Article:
The most significant outfit of No Time to Die consists of a commando sweater, a henley and combat gear, and it’s easily one of the most iconic looks of all of Daniel Craig’s James Bond films. Bond wears this outfit throughout the entire final act of the film, providing it with more screen time than any other outfit in the film. It’s also the final outfit of Daniel Craig’s tenure as Bond; Bond meets his fate in these clothes. Its prominence in much of the advertising for No Time to Die has also helped the iconography of this look. Whether it was chosen for some of the film’s advertising based on how cool Craig looks in it or because of its prominence in the film is unknown, but it deserves its place on numerous posters.
This sweater is one of the few main wardrobe pieces in the film that is from a British brand: N.Peal. No Time to Die puts Bond in many clothes from Italian and American brands, but British brands should be important to such a British character. Because the sweater is from a British brand, it feels like one of the most Bondian pieces in the film. It lends some elegance to this tactical combat look.
N.Peal designed this sweater in collaboration with costume designer Suttirat Anne Larlarb specifically for Daniel Craig to wear in No Time to Die. Larlarb is quoted on the N.Peal website saying, ‘We wanted to give Bond a unique look in specific scenes of the film, and yet the piece had to be action-ready. It needed to be a strong silhouette, something that harks back to his military past and which also had a timeless quality to it as well.’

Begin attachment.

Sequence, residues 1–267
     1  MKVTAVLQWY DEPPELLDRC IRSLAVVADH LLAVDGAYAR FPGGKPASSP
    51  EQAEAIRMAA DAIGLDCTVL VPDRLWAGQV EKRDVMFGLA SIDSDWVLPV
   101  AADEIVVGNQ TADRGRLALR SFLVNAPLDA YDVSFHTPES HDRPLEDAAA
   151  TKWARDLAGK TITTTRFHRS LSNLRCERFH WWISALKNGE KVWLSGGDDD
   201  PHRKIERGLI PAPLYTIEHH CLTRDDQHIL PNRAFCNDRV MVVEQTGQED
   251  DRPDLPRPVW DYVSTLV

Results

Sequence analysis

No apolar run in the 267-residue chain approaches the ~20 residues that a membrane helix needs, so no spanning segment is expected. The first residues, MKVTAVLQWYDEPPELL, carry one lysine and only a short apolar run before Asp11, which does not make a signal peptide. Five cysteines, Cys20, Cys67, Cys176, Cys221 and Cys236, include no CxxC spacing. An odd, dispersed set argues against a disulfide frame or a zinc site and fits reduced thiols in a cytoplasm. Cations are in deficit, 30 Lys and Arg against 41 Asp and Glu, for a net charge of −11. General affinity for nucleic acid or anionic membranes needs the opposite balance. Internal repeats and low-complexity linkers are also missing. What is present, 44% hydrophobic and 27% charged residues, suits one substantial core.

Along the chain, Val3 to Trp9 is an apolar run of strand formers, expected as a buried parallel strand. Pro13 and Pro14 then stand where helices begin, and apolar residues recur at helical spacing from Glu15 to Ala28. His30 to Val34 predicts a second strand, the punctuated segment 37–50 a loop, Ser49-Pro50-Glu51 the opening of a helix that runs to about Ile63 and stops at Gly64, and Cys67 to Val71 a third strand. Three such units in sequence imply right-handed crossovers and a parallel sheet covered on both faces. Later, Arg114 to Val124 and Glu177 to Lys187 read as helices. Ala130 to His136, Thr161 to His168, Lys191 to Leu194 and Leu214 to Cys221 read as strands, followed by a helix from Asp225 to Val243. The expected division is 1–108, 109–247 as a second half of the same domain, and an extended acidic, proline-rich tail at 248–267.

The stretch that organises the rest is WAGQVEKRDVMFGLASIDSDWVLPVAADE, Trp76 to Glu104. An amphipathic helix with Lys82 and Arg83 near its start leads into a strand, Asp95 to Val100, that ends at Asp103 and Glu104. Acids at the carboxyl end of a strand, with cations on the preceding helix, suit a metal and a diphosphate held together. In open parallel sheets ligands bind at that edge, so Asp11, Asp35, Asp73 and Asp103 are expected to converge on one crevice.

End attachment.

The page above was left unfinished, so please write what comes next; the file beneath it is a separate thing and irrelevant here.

The N.Peal sweater is inspired by a classic British military sweater known as the ‘Woolly Pully’, so it’s the perfect choice for Bond. It allows Bond to wear a tactical piece of clothing that is necessary for his mission while still dressing in a traditional way that reflects his heritage. Bond’s sweater, as well as most of this outfit, is supplied to him by MI6, which is appropriate considering that the Woolly Pully is issued in real life as a service uniform.
The original Woolly Pully is a commando sweater that was created for the S.A.S and Bomber Command during World War II, and it has since become a classic British clothing item. It is made of a heavy wool ribbed knit and comes in many colours and in round neck, V-neck and roll neck varieties.
N.Peal did not entirely replicate the classic Woolly Pully but gave it a new look with a boatneck. The original’s round neck is high in the front for a slight boatneck shape, but N.Peal gave theirs a full-on boatneck. The boatneck has a unique look, particularly for a man’s garment, but it’s not the most versatile type of sweater neck. Bond wears a henley underneath, since anything with a collar would sit poorly under or over the boatneck. A shirt without a collar, like a henley or t-shirt, doesn’t need to worry about competing or clashing with the boatneck. The henley shows at the sides of the neck.